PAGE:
drug benefits for seniors. Republicans could be tagged
obstructionists if the electorate likes these provisions and if the
From now on, Obama and the Democrats will promote the measure's
benefits while countering Republican nay-saying and griping about
process. The president also will focus primarily on voters' most
pressing concern — jobs. And that may endear him to voters
more than the passage of his signature domestic issue.
Obama's immediate concern is holding Democratic majorities in
Congress. His own political re-election is a while off, but the
White House is almost surely focused on it, too.
His job-performance rating is hovering near 50 percent and may
not rise even after he put so much political capital on the
Past presidents have either seen their poll numbers stay the
same or dip following passage of divisive, though history-making,
That was true for Lyndon B. Johnson's Civil Rights Act and Great
Society agenda in the 1960s, Ronald Reagan's economic measures in
the 1980s, and George W. Bush's tax cuts in the early 2000s. The
exception was Bill Clinton, who saw his support increase in the
1990s after signing a contentious budget measure and welfare reform
legislation. But it eventually fell.
Obama's political boost may come later.
"There's a bump for the history books," said Fred Greenstein, a
Princeton University presidential scholar. "When historians ask if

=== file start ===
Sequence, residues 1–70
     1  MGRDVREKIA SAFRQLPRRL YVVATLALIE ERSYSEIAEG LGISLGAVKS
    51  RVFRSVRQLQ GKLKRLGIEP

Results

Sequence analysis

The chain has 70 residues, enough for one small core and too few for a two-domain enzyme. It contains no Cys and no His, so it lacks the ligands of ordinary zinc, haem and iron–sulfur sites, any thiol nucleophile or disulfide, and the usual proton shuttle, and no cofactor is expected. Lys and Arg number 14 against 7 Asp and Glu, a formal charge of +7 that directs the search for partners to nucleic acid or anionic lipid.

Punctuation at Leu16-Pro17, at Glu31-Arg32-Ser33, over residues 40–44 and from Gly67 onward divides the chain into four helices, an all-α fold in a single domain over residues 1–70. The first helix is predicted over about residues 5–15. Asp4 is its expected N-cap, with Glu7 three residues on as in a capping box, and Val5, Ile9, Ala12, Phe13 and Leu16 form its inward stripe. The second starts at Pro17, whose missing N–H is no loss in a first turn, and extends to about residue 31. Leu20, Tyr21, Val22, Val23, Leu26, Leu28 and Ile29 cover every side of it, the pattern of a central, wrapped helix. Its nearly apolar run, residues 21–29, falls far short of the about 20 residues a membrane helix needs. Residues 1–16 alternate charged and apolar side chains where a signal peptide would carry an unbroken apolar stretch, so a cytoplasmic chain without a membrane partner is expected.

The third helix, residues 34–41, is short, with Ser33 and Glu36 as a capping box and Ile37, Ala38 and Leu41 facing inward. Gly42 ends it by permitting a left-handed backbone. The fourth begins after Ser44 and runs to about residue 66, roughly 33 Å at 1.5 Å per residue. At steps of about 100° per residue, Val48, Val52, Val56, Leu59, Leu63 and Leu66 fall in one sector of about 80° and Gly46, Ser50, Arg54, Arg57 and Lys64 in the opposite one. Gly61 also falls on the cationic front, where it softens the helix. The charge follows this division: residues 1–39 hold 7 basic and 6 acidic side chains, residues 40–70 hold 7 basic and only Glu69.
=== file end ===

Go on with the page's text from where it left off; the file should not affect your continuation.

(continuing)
this is a kind of squandered presidency, there will be health care
to point to."
The immediate future is less certain.
Will voters give Obama credit for addressing the issue if many
Americans won't feel most changes immediately? Or will voters
punish Democrats for a year of partisan wrangling that has
exacerbated Americans' anti-Washington feelings and diverted focus
from the economy? Will health care even be on the minds of
Americans struggling through recession?
Throughout the yearlong debate, the GOP derided the bill as
"socialized medicine" and warned that it would be devastating. But
Republicans may find themselves looking sheepish given that the
status quo won't change for most people for years.
Democrats now have an accomplishment around which to unite.
Also, critical constituencies like senior citizens and young voters
will feel change soon. And independent voters may praise Obama for
showing that a Democratic majority can make Washington work.
Still, Democrats face a public fed up with Washington and
disappointed by a president elected to change it. A year of bitter
haggling and legislative maneuvering may feed into the argument
— successfully stoked by Republicans — that Democrats
have failed to fix Washington.
That's the reason some Democrats now worry about losing control
"The voters will have their say on the politics," says White
House press secretary Robert Gibbs. Still, he adds: "The president
was and the Congress were sent here to address the problems that
people face in this country, and that's what voters want us to
EDITOR'S NOTE — Liz Sidoti has covered national politics
for The Associated Press since 2003.